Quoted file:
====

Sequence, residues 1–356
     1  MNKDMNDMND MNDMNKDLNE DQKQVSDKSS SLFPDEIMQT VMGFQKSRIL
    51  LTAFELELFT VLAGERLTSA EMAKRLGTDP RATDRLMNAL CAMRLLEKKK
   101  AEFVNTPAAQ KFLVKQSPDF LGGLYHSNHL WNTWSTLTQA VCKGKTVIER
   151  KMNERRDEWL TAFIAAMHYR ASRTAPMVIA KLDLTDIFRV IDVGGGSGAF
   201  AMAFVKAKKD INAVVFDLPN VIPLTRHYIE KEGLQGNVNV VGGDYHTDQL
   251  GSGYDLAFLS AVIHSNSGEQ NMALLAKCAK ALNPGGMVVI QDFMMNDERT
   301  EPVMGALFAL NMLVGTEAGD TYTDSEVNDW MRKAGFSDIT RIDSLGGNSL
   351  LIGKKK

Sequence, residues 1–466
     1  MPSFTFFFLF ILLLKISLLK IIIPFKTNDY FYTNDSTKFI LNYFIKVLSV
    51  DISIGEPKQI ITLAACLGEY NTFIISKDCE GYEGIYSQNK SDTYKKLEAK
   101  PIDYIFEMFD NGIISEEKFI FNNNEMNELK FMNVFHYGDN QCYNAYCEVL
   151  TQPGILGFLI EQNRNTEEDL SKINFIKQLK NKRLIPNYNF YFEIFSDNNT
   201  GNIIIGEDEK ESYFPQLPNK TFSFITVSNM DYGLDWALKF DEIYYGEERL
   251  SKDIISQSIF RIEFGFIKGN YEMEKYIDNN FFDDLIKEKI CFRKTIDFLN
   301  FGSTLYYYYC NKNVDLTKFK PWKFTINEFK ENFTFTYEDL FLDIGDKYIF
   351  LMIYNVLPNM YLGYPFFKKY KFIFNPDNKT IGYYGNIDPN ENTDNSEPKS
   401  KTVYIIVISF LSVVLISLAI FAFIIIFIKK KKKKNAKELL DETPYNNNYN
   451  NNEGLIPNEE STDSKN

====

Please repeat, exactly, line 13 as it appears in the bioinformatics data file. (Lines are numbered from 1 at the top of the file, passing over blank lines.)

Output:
   101  PIDYIFEMFD NGIISEEKFI FNNNEMNELK FMNVFHYGDN QCYNAYCEVL